Rowland responded through a letter to the board in September that its letter indicated a serious misunderstanding of the essential role of the Merit Commission.
“Nowhere is there language indicating that any appointee is the representative of the appointing authority,” she wrote. “All three commissioners are charged with upholding the rules of the Merit System and the appropriate sections of the Education Code. In order to fulfill its mandate, and by statute, the commission must function as an independent body, representing neither the district nor the unions.”
Rowland told the Planet that the clearest example of the need for independence was the commission’s role in hearings.
“If there is a grievance against the district brought by an employee, the commission is the ultimate hearing body,” she said. “How could an unbiased hearing be conducted by ‘representatives’ of either the district or the unions?”
Rowland added that she was disappointed that Doolan had not been reappointed.
“It’s too bad,” she said. “He has a lot of experience and is a valuable asset. It’s very common that people serve for multiple years.”
She said that the controversy over the commission’s independence had not yet been resolved.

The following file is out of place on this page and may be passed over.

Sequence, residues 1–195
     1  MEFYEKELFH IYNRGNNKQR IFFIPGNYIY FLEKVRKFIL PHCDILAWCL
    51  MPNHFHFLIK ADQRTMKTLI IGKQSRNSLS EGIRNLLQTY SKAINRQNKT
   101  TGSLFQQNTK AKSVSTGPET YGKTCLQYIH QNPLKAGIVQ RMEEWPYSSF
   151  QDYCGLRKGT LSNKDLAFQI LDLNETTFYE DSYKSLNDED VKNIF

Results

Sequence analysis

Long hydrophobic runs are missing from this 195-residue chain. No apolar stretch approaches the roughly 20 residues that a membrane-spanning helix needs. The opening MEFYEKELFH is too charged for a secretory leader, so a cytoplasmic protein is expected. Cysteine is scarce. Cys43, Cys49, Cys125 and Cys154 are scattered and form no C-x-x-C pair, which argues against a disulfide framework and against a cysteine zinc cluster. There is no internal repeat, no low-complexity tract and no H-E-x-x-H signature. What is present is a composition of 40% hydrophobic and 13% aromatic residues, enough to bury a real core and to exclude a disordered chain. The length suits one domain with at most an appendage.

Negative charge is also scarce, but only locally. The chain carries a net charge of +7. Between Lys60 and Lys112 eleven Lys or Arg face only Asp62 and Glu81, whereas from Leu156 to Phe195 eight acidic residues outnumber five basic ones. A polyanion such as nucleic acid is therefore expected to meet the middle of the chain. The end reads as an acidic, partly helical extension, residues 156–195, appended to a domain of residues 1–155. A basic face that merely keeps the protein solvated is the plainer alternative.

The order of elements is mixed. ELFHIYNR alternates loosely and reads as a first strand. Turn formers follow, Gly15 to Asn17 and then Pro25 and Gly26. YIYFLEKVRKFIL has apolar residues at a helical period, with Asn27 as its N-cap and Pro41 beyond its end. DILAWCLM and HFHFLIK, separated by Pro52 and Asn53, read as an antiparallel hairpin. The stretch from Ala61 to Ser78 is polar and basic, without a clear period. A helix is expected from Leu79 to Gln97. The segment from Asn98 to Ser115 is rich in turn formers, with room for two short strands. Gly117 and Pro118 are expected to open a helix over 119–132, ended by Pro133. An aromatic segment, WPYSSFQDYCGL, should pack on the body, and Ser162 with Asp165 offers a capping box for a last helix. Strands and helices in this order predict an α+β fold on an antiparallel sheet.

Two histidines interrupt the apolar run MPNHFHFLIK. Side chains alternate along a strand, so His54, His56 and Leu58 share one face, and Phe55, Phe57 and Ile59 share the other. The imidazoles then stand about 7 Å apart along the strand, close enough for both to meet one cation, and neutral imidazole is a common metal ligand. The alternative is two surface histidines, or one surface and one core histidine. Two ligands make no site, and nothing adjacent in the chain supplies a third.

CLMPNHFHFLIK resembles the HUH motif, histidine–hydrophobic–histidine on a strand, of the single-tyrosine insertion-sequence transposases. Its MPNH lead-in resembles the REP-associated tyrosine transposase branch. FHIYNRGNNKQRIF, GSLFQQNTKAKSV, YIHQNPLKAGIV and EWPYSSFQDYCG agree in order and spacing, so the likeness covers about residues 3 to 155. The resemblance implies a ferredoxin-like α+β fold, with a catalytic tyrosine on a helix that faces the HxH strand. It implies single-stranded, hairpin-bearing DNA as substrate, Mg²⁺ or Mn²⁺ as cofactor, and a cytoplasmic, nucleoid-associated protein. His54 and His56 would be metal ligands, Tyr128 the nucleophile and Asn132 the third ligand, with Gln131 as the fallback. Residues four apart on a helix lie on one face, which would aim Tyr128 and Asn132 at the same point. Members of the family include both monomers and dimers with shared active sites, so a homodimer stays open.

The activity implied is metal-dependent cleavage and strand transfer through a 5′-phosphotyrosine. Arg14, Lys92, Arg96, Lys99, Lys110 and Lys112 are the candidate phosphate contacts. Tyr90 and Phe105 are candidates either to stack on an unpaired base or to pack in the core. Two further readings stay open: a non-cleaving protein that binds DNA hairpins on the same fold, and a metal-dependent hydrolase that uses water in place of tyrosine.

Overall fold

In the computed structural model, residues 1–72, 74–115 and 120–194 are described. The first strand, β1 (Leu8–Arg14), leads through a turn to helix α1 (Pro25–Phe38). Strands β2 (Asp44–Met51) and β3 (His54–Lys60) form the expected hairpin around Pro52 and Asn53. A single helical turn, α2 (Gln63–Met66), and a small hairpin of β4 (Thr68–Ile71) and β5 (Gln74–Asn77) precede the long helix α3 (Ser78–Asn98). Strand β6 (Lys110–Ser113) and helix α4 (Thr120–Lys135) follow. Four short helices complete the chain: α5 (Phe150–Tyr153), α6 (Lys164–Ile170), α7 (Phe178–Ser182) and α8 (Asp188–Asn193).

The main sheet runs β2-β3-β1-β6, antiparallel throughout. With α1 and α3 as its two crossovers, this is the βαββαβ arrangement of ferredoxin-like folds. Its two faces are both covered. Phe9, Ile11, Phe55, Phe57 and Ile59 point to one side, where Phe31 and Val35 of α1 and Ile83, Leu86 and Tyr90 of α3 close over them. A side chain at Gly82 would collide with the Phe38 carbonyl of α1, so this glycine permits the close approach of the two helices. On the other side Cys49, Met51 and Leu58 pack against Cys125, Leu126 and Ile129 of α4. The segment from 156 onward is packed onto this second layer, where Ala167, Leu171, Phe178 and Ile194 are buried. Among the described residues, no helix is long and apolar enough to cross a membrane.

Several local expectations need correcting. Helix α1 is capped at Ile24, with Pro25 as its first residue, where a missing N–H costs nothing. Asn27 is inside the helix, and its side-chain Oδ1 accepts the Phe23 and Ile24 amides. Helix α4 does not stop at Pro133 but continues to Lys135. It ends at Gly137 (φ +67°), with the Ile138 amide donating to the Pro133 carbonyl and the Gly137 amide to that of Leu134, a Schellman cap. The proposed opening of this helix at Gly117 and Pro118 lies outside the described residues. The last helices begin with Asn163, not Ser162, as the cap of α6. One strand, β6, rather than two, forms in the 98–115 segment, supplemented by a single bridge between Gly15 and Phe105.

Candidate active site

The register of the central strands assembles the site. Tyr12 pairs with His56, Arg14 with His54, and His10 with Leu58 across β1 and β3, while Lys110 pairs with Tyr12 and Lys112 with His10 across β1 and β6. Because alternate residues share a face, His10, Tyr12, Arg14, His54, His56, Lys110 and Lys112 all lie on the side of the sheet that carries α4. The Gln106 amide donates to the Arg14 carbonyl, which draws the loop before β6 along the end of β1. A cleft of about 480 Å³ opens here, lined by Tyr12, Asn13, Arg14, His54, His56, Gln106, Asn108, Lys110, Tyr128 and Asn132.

The school board may have also violated the mandates of the Education Code when it failed to announce the name of the person it intended to appoint to the commission by Sept. 30 and open up a public comment period within 30 to 45 days of the announcement.
It passed a resolution in October which stated that the board would appoint someone to the Merit Commission at its first meeting in December and that a public hearing would be held within 30 to 45 days after the announcement.
However, the board did not send out a public notice until Nov. 29 which stated that the deadline for applications was Dec. 12 and that interviews would be scheduled in January 2008.
“They are way, way behind,” Doolan said. “I think the superintendent has failed to properly advise the school board on the rules and regulations of the Merit System.”
Superintendent Lawrence said that there was no mandated time for the appointment.
“There are no penalties for this,” she said. “The laws allow the board to take time for the interviews and the public hearing. Since the board had a tight agenda, they were not able to make the selection before.”
Board president Joaquin Rivera echoed her thoughts but added that the board would pay more attention to the timeline in the future.
“We never intend not to comply with the Education Code,” he said.
The BUSD Board of Education is seeking qualified candidates for a board representative on the BUSD Merit Commission. The new merit commissioner must be:
• A registered voter and a resident of Berkeley.
• A known adherent to the principle of the merit system. During the term of service, a member of the commission cannot be an employee of BUSD or a member of the governing board of the school district or the County Board of Education.
Applications will be forwarded to the Board of Education, and interviews will be scheduled in January 2008. Deadline for applications is Dec. 12, 2007.
For more information contact: 644-6320 or email@example.com.